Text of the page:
Even with bevy of youth, men’s basketball sees leadership emerge after comeback win
Redshirt junior Alex Olesinski missed UCLA men’s basketball’s first 13 games of the season after suffering a foot injury in the offseason. Olesinski logged a season-high 19 minutes against Oregon on Saturday. (Kristie-Valerie Hoang/Daily Bruin senior staff)
By Hanson Wang
Feb. 27, 2019 12:23 a.m.
Leadership was always going to be a question mark for the Bruins this season.
Aside from two redshirt juniors, UCLA men’s basketball’s rotation consists entirely of freshmen and sophomores. So it’s no surprise that after a nonconference slate that got former coach Steve Alford fired, the Bruins have struggled to stay above the .500 mark in Pac-12 play.
The maturity and intangibles that Aaron Holiday, Thomas Welsh and Lonzo Ball exhibited came in spurts without a true team general on the floor this year.
But UCLA’s 19-point second-half comeback win against Oregon on Saturday rekindled a few sparks of leadership with less than two weeks to go in the regular season.
“(Sophomore guard) Jaylen Hands, (sophomore guard) Kris Wilkes, myself, even (redshirt junior guard Prince Ali) now that he’s hurt – we try to do what we can to say things in a time of need,” said redshirt junior forward Alex Olesinski. “And I think that’s been helping us.”
Olesinski – who missed the first 13 games of the season recovering from a right foot stress fracture – is the only Bruin big man with collegiate experience, and he played a season-high 19 minutes against the Ducks.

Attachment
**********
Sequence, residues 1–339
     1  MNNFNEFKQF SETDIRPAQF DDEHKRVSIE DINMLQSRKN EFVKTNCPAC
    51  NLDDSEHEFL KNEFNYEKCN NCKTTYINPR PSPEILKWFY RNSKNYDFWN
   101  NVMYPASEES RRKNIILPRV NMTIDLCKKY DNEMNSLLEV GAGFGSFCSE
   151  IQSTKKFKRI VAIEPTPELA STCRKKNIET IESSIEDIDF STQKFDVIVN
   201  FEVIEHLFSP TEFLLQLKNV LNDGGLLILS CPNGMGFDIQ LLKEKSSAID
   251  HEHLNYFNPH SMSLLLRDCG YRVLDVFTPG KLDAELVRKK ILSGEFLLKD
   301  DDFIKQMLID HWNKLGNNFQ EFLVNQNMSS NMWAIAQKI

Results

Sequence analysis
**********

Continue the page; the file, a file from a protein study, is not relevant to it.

Averaging one shot per game and less than five per 40 minutes played, Olesinski rarely holds the ball for too long and has plenty of experience playing zone defense.
And his maturity has begun to rub off on Hands.
“Last year, (Hands would) have times where he’d go a little crazy,” Olesinski said. “This year, he made a lot of big plays that game and he was levelheaded. I feel like he understood what it was and he didn’t force it too much.”
The same could be said of freshman guard Jules Bernard, who set a career high with 20 points Saturday. He made nine of his 11 free throw attempts and only turned the ball over once in a season-high 28 minutes on the floor.
While UCLA ranks No. 294 in turnovers per game and No. 340 in free throw percentage nationally, having almost all of its freshmen average more than 15 minutes of action per game has led to growth.
“I think they’re learning their roles a little bit better,” said interim coach Murry Bartow. “We’re into mid-to-late February and we’re starting to figure it out a little bit. I think this team really likes each other, the chemistry’s good, the attitude’s good, the spirit’s great.”
Going with the hot hand
Hands went into Human Torch-mode with seven 3-pointers and 27 points in the second half against Oregon.
His teammates kept feeding him the ball and – like the 10,000-plus people in attendance at Pauley Pavilion – watched him go to work.
“When (your teammates) know you’re hot, they’re going to look for you and when they do, it’s a great feeling to keep it going,” Bernard said. “When you get that, you have to be smart and take the right shots, know your spots for when to be aggressive.”
For Hands, he scored or assisted on 13 of UCLA’s second-half possessions.
But however hot he gets in a game, there’s one thing he’ll never do – turn his back to celebrate a shot before it goes in.
“I’ve seen that one meme with (former Los Angeles Lakers guard) Nick Young when he did that,” Hands said. “I don’t ever want to look like that, so I probably won’t ever do that.”